In 1976, General Convention and Triennial met in the Twin Cities. For the first time, both used a new administrative organization in which a volunteer coordinator—one of Minnesota’s ECWs, as a matter of fact—worked for nine months before the opening, setting up a network of volunteers. Under her, there were twelve coordinators, almost all of whom had strong ECW ties. Working as chairmen in various areas—House of Deputies, House of Bishops, registration, ushering, booth display (in their own ECW booth, they sold wild rice from the missions), they also directed over 800 regularly assigned volunteers—at least 700 of whom were Minnesotans. For many, it was a once-in-a-lifetime experience to work in booths at Convention or Triennial, to attend Triennial meetings, to be present at the UTO Ingathering in the St. Paul Auditorium (Minnesota’s Blue Box total for 1975–1976 was $24,265.63), and to observe the Convention. Incidentally, there seems to have been plenty to observe there, as, in that year, women were admitted to the Priesthood, and a new Prayer Book was adopted.

The Convention and Triennial had been a great thing for ECW of Minnesota—and for all women—for two reasons. First, it gave visibility to women working together, and, second, it demonstrated the value of women’s organizations.

Two years later, there were changes in leadership in the Diocese of Minnesota when Bishop McNairy, who had so successfully piloted the Diocese through the troubled years, reached retirement. Bishop Robert M. Anderson was his successor. (Subsequently, two assistant Bishops were added: Bishop William Dimmick and Bishop Robert Varley.)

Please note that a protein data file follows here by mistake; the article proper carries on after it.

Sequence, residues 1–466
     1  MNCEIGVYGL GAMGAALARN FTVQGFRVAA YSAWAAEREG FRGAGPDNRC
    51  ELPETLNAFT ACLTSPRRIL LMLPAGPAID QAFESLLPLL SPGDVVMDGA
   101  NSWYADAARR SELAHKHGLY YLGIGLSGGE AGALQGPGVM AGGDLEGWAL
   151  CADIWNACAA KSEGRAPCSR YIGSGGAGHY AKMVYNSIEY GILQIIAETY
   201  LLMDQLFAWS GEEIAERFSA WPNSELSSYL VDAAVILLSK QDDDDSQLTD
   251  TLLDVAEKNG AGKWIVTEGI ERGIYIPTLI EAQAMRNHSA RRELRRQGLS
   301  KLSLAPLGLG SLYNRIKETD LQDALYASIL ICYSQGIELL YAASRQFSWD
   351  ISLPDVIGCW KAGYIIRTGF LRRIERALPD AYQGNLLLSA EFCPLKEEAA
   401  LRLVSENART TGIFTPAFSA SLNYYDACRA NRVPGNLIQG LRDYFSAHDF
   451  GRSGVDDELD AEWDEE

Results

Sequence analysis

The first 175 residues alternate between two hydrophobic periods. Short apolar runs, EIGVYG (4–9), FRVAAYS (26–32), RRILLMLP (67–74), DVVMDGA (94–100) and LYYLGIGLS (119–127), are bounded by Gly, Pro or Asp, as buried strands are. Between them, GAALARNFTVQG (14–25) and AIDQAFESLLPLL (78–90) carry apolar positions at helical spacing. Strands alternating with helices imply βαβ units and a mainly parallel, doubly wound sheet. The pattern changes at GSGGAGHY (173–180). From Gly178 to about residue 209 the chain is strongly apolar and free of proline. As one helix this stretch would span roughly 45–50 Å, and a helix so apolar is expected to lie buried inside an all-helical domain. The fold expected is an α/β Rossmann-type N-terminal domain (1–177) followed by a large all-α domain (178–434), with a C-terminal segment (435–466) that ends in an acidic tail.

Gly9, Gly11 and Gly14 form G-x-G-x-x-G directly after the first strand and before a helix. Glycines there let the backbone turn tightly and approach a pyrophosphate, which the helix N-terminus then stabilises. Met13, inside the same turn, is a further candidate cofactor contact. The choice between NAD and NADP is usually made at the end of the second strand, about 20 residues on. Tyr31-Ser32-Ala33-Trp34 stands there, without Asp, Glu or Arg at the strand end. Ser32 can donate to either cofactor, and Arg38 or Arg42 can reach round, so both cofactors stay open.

Bishop Anderson soon established himself as one more in a line of vigorous Bishops, and he and ECW [had] developed a cordial and appreciative relationship.

At about the time that the new Bishop became the Bishop in the minds of Minnesotans, there seems to have occurred in the United States, country-over, a subtle switch in female philosophy. Ten years earlier, society had been awash in me-me-me. (To women, who had, traditionally, never been taught to think of themselves first, this was pretty heady stuff.) Now, women seem to have accepted their liberation and be at ease with it—and, in a sense, they became aware of a need for each other. Support groups blossomed all over the place—executive women, battered women, etc., and ECW, which had been there all the time (a support group if there ever was one), was being recognized again as “a gathering point for women, for friends.” Defunct ECWs even began making sounds of reorganization, and Apportionment—that litmus test of missionary interest—rose in 1980–1981 to $18,899.